If anything, Trump should be the cure to some of them (but he hasn’t been; why? Quien sabe?) He’s not a neo-con enthusiast for overseas wars; he keeps evangelicals friendly while not lifting a finger to overturn Obergefell; he refuses to cut Social Security, breaking the heart of the Wall Street Journal; and unlike endless generations of past Republicans, he doesn’t suggest that middle class workers should eagerly seize the opportunity to drop their wages to the level of people who arrived here a month ago. Those are, or should be, winning positions. If future GOP presidential candidates reverse them, they’ll do worse, not better. 

    But there’s something about Trump that manages to not get credit for it, and no, it’s not all the media’s fault. 

    • #25
    • August 31, 2019, at 12:32 PM PST
    • 4 likes
  26. Gary Robbins Reagan

    namlliT noD (View Comment):

    Gary Robbins (View Comment):
    The only reason why the Dem is leading in that district 46-42% is the passionate desire of women

    Dude…

    Gary Robbins (View Comment):
    to send us a message that Trump is toxic, a message that we did not learn in 2018.

    Gary, this is a serious discussion on applications of data analysis. Don’t be crapping all over it with your flaming TDS.

    I am sorry. Someone raised the issue of NC-9 and I was following up on that as did Comment 23. However it can be argued that I added too much commentary so I will edit that out. I look forward to more of a discussion of data analysis.

    A small point. I think that I have more TES, or Trump Exhaustion Syndrome than TDS, Trump Derangement Syndrome. However I am probably not the best judge of that.

    • #26
    • August 31, 2019, at 12:40 PM PST
    • 2 likes
  27. ctlaw Coolidge

    I used to wholeheartedly agree with the idea of running a candidate in all races.

    After all, a month before the general election, the Dem. might get caught in bed with the proverbial live boy or dead girl.

    But, now, the extreme nature of the modern Dem. voting base (including the vote fraud base), means that there is practically nothing a Dem. can do to lose a significant fraction of the base.

    Also, a corrupt judge will simply choose to allow the Dem. to be replaced at the last minute despite the letter and intent of the law.

    • #27
    • August 31, 2019, at 1:45 PM PST
    • 4 likes
  28. Petty Boozswha Member

    In his last race for Governor in 1990, George Wallace got 90% of the Black vote. In his race for the Senate in 2014, South Carolina’s Tim Scott got 7% of the Black vote. Spending time and money on majority minority districts is not going to work, they are Lee Atwater’s pernicious legacy until we do major structural reform. I would recommend we really look at expanding the House so that the smallest state has two Reps and the number of Congresscritters expands proportionately. The number of Reps in Washington could be capped at 500 and the rest would have to live in their districts or state capitals and vote by Skype.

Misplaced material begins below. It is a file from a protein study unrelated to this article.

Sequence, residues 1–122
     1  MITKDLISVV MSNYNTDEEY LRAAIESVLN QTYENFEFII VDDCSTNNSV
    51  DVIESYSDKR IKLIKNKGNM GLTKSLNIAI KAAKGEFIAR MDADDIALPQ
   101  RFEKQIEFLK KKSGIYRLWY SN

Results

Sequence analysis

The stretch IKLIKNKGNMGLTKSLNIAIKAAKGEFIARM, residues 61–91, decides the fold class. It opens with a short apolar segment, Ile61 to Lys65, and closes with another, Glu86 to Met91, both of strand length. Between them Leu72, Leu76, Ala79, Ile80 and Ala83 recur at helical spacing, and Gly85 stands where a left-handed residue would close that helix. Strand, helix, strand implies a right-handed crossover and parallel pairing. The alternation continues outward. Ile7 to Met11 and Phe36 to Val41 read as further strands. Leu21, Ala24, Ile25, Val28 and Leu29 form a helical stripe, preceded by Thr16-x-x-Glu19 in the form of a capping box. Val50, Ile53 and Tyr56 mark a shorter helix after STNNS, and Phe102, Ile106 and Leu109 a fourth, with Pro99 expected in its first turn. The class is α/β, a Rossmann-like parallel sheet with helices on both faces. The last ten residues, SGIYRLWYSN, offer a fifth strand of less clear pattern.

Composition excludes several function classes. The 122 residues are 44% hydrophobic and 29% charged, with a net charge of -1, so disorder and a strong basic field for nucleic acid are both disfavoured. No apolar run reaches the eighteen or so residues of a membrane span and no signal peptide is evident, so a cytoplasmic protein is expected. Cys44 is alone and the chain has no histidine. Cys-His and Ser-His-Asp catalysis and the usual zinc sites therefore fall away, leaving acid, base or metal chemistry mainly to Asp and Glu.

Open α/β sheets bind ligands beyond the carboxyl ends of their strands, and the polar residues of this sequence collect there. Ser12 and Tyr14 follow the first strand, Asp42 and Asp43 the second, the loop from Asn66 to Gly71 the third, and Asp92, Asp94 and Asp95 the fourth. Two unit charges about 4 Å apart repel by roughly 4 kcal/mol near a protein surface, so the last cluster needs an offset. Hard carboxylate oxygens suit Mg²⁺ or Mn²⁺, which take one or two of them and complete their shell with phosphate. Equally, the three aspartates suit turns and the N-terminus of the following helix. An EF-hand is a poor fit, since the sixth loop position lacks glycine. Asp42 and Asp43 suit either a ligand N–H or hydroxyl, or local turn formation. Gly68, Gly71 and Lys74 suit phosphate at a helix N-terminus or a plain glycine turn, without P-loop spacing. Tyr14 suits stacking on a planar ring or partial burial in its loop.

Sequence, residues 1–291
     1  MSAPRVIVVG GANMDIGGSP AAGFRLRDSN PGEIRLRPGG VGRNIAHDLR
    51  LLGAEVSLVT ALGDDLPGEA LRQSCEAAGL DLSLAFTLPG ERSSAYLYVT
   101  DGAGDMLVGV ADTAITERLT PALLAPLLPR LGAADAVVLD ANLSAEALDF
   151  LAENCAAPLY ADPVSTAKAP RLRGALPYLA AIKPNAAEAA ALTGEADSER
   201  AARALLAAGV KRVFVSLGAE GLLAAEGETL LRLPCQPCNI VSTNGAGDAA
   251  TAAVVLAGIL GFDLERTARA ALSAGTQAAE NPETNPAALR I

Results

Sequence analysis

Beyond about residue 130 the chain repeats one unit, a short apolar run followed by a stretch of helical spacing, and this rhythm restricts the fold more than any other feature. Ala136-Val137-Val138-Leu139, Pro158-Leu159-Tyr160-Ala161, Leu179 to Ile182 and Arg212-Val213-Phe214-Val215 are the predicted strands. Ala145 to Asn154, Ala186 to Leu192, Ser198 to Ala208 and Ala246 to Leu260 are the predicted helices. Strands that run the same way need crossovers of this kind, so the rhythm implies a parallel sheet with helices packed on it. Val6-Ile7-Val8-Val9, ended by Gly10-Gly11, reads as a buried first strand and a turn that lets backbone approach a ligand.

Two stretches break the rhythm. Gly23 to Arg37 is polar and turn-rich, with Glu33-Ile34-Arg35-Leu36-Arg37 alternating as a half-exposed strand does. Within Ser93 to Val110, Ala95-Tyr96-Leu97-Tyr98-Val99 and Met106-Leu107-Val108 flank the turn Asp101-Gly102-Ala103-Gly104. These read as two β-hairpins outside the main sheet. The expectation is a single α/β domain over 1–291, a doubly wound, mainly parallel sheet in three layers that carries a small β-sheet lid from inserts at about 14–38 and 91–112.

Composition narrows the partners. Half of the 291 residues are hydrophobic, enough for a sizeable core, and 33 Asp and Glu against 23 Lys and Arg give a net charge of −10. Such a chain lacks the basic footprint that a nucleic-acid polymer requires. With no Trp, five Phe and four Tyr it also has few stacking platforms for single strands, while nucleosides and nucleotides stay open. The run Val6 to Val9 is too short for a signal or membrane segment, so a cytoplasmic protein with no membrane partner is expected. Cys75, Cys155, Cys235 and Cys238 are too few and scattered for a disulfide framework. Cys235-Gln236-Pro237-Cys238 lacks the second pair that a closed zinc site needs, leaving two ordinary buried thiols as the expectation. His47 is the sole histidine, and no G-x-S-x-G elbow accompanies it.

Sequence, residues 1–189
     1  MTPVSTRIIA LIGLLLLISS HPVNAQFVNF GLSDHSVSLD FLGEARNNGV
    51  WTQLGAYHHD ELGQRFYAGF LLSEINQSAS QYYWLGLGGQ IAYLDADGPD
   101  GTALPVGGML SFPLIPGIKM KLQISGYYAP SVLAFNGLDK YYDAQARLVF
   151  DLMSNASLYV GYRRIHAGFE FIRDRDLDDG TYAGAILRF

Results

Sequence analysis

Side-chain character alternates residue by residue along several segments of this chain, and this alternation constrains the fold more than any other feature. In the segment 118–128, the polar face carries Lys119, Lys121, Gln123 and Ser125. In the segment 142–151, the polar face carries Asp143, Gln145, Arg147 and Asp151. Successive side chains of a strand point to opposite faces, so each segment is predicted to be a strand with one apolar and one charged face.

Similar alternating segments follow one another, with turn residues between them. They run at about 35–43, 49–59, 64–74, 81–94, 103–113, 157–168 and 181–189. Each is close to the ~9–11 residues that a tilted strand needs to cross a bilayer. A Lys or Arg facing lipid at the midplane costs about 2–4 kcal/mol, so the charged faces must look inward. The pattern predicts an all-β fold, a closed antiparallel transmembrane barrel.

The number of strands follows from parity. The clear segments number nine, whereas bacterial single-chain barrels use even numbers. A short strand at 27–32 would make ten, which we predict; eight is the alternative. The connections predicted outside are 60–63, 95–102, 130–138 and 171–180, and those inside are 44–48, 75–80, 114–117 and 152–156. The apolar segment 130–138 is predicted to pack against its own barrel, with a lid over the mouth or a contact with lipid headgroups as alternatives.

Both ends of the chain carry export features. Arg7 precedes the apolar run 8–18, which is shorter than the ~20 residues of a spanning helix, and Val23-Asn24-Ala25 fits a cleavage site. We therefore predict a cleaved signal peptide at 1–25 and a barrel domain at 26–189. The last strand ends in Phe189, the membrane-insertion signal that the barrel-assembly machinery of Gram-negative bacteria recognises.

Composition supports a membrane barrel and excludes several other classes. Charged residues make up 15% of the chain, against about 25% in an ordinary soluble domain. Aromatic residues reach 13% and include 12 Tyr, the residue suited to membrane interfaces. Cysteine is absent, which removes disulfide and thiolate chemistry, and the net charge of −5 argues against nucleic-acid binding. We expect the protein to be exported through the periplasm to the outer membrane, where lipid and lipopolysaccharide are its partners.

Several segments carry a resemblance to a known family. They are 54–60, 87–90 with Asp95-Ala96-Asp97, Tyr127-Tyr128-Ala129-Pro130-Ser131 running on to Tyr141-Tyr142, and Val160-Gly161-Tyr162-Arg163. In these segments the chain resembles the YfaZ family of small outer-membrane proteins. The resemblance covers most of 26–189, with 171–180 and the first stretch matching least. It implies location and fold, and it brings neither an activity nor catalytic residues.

• #28
    • August 31, 2019, at 1:53 PM PST
    • 2 likes
  29. TBA Coolidge
    TBA

    rgbact (View Comment):

    North Carolina 9th is an R+8 district…….that the Democrats nearly won in 2018, and evidently they are re-running the race on Sept 10th. And the Democrat is up 4pts in the latest poll. Not sure why the GOP is doing so poorly in a southern GOP lean district. Any reports from North Carolina would be appreciated.

    Tech jobs bringing in libs from out of state? 

    • #29
    • August 31, 2019, at 1:56 PM PST
    • 1 like
  30. Petty Boozswha Member

    rgbact (View Comment):
    Not sure why these suburban candidates don’t make a massive break from Trump. Meanwhile, this NC guy had Trump Jr come in for a fundraiser this week.

    Because Trump and the Trumpkins have made if very clear that they will devote 500 times more energy in destroying any apostate than they will put in to win a regular contest. Thom Tillis is feeling that right now – if the Dems flip the Senate that will be a big reason why.

    • #30
    • August 31, 2019, at 2:02 PM PST
    • 2 likes